Adding: You may add one letter to anywhere in the word, or as many letters as you want to either the start or the end of the word.

Rotating: You may replace any number of letters in the word with letters of the same suit. For example, you can replace a spade with a spade.

Swapping: You may replace any number of letters in the word with the same letter of a different suit. For example, you can replace a ‘t’ of spades with a ‘t’ of hearts.

Scoring a Word
If you modified a word, you may try to score it. If the word is a legitimate English word, it can be scored; if you try to score a word and it turns out to not be a real word (misspelled, nonsense or what have you) then you lose points equal to what it would have been worth, to a minimum of zero.

  • If the word was YOUR word, you earn 2 points for every three consonants in the word, or 1 point for every two consonants in the word, whichever is worth more
  • If the word was another player’s word, you only ever earn 1 point for every two consonants
  • Color Bonus: If the word was all one color (black/red) it’s worth an additional point
  • Suit Bonus: If the word was all one suit (spades, hearts, clubs, or diamonds) it is worth an additional point
  • To track score, keep cards from the word as you score it — 1 for each point — from the start of the word first, then discard the rest.
  • You only score for whole groups of consonants; ie: a word with 5 consonants is only worth 2 points
  • For the context of the game, all cards with a face value of 2-10 is a consonant, including ‘y’s

If you do not wish to modify a word, you may instead trade. You cannot trade and modify on the same turn. You may elect to either Barter or Mulligan, but you cannot do both on the same turn.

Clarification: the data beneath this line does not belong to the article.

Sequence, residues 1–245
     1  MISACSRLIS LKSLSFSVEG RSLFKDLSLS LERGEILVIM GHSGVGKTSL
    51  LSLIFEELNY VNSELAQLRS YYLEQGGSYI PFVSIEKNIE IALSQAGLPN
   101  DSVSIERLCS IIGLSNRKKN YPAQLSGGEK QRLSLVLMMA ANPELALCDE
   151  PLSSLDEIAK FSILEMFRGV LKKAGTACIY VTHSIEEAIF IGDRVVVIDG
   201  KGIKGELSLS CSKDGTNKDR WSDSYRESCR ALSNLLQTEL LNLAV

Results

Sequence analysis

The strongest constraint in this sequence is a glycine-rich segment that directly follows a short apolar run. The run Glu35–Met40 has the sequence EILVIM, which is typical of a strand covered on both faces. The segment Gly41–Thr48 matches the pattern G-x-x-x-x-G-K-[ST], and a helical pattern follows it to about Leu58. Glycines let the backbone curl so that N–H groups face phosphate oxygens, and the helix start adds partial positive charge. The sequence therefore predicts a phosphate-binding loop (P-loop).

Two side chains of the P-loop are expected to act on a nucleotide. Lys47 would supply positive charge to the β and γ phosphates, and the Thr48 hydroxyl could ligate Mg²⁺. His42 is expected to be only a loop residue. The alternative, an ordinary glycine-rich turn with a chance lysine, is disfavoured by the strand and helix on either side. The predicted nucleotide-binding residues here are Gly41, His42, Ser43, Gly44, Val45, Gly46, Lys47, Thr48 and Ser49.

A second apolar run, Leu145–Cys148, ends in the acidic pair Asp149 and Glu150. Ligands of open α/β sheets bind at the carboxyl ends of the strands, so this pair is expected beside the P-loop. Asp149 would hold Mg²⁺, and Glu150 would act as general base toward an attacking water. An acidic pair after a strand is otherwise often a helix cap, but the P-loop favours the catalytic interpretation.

Barter: You may offer to trade cards from your hand with any other player. You may make whatever offers or deals you like beyond just switching cards, so long as it is within the rules of the game. Other players have to agree to your offer, however — you cannot force your opponents to accept an offer.

Mulligan: You may elect to discard any number of cards from your hand, then draw that many cards from the deck.

When it is NOT your turn, you can still get in the way! When an opponent plays a card for any reason, you may try to ‘hit’ that card.

Hitting Cards: When an opponent plays a card for any reason (like starting a new word or adding to a word, or even when they try to hit another player!), you may stop them and play a card from your hand with a higher face value than the card played — assuming no one meddles any further, the lower value card is canceled and both cards are discarded.

Players may try to Hit any card played by an opponent, including hit cards, so the whole method can go back and forth several times.

Ending and Winning the Game
The game ends when someone earns 25 points or the deck has been shuffled 3 times. (Of course, if you want to play to higher point values or with more or less shuffles, you welcome to.) The player with the most points wins the game!

And THAT, is ramble! Enjoy!


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One Response to “Free Game: Ramble”

  1. Free Game: Lexi « The Art of Game Says:

    […] only is it another good game for a group, but it also takes advantage of the Ramble deck! Lexi is a game about mutating words and strategic decisions. Here’s how it […]